Perennials in U.S. Department of Agriculture plant hardiness zones 5 through 8, strawberries (Fragaria × ananassa) are plagued by several pests, including pill bugs. Pill bugs -- also known as roly-polies because of their ability to roll up into little balls -- are chewing insects that can cause damage when they appear in high numbers. If pill bugs pose a problem in your garden, you can stop them from eating your strawberry plants by incorporating one or more control techniques.
Things You'll Need
- Food-grade diatomaceous earth
- Straw or cardboard
- Soapy water
Remove plant debris from around the strawberry plants, including decaying leaves and fruits. Pill bugs thrive and breed in decaying matter.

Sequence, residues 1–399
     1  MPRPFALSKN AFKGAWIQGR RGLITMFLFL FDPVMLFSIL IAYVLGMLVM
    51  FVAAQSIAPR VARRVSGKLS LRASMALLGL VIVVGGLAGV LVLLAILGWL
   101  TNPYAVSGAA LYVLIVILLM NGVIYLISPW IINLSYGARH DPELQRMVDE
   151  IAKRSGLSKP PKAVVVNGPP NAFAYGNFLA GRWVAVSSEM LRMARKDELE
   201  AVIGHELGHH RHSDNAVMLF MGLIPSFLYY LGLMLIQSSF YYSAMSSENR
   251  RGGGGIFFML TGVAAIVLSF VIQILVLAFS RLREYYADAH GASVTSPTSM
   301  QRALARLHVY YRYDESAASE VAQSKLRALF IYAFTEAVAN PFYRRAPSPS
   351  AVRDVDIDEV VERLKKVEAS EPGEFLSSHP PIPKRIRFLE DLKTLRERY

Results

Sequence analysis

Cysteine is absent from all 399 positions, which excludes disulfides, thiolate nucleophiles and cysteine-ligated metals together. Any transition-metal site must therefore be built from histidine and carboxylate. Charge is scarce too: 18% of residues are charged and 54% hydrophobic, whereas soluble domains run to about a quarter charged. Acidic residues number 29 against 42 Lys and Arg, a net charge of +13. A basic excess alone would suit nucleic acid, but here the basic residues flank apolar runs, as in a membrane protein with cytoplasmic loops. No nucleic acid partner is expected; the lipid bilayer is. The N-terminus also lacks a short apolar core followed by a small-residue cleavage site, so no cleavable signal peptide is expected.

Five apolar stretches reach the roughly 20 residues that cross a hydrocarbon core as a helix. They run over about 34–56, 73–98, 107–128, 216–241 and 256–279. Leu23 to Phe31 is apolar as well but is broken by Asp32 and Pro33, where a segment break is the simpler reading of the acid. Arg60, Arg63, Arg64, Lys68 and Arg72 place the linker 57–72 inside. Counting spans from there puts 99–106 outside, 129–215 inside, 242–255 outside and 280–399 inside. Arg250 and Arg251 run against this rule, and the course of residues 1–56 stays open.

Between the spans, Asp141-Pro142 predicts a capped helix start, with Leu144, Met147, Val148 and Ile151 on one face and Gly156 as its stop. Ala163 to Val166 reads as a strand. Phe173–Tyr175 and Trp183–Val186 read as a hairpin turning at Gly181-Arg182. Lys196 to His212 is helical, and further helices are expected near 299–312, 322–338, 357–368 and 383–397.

Sprinkle a fine layer of food-grade diatomaceous earth around the strawberry plants. This product kills pill bugs by drying out their exoskeletons. Perform this task on a calm day, and wear a mask so you do not inhale the fine dust.
Apply a 1/2- to 1-inch layer of straw, cardboard or another type of barrier around the strawberry plants to prevent pill bugs from reaching the plants.
Hand pick pill bugs when you see them on the fruits and leaves. Drop them in a bucket of soapy water to kill them. Alternatively, wear gloves and squish them between your fingers.
Shake a ready-to-use pesticide product, such as one that contains carbaryl, that is labeled as safe on strawberries and effective on pill bugs. Spray to wet the plants and soil, holding the bottle eight to 12 inches away from the target areas. Wait at least one week before reapplication. Do not apply pesticides within one week of harvest. Also, do not apply when the temperature is above 85 degrees Fahrenheit.
Reduce irrigation after your strawberries start to ripen. At that time, water the plants after the soil dries to the touch. Pill bugs are especially attracted to ripening fruit and moist soil conditions.